At the end of June, Al Ahli United Bank (AUB) announced that it was seeking to raise its stake in Commercial Bank of Iraq (BCOI) from 49% to 60% by purchasing 6.6 billion BCOI shares in the Iraq Stock Exchange (ISX). The purchases are to take place over a two-month period starting July 4, with the Bahrain-based lender paying ID 1.36 per share.
While this scheme might be thought of as a tender offer, it is actually something much simpler. Normally the acquirer would be buying directly from the existing shareholders rather than in the market and would make its acquisition subject to a minimum number of shares being tendered. In this case, AUB is effectively just giving the ISX-member brokers collectively a 6.6 billion-share buy order, which they may or may not completely fill.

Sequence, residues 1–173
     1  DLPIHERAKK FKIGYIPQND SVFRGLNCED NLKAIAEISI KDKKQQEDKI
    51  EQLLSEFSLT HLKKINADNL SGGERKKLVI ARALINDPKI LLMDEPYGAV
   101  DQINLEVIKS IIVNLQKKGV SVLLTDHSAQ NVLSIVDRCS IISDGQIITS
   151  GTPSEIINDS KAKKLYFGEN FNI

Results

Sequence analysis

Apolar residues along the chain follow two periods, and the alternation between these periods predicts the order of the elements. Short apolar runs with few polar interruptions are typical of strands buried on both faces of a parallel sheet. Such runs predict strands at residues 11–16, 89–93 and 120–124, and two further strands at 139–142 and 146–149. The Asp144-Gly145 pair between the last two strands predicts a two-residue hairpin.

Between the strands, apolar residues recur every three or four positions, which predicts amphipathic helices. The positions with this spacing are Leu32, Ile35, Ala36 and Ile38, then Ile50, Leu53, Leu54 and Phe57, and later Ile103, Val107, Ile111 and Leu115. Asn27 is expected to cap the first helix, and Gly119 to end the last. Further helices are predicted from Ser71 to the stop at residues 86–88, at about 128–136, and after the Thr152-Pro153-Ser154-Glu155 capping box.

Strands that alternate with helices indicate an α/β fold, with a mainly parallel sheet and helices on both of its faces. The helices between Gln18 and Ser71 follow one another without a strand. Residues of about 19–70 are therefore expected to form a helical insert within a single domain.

The obvious reason for doing things this way is that Iraq’s existing securities law makes no provision for tender offers. Conventional tender offer bids will presumably have to wait until the passage of the new “Law Regarding Securities,” which covers this subject in Article 35 of the draft version (available on the Iraq Securities Commission website, www.isc-iq.org).
If this law were already in force, it is interesting to note that AUB would be required to bid for all of the shares it does not already own. Article 35 requires that “Any Person who acquires more than 50% of the voting power of the Publicly Held Securities of an Issuer…shall be obliged to offer to purchase all of the remaining outstanding voting Securities of the Issuer.”
So far, AUB’s acquisition appears to be off to a slow start. From July 4 to August 5, total foreign buying on days when BCOI traded at ID 1.36 came to 2.2 billion shares. Assuming that AUB accounted for this entire amount, half way through its two-month acquisition period it is only a third of the way to its target. (See chart.)
Perhaps this is not entirely surprising given that ID 1.36 is below BCOI’s ID 1.38 average closing price for the thirty trading days before AUB put in its bid.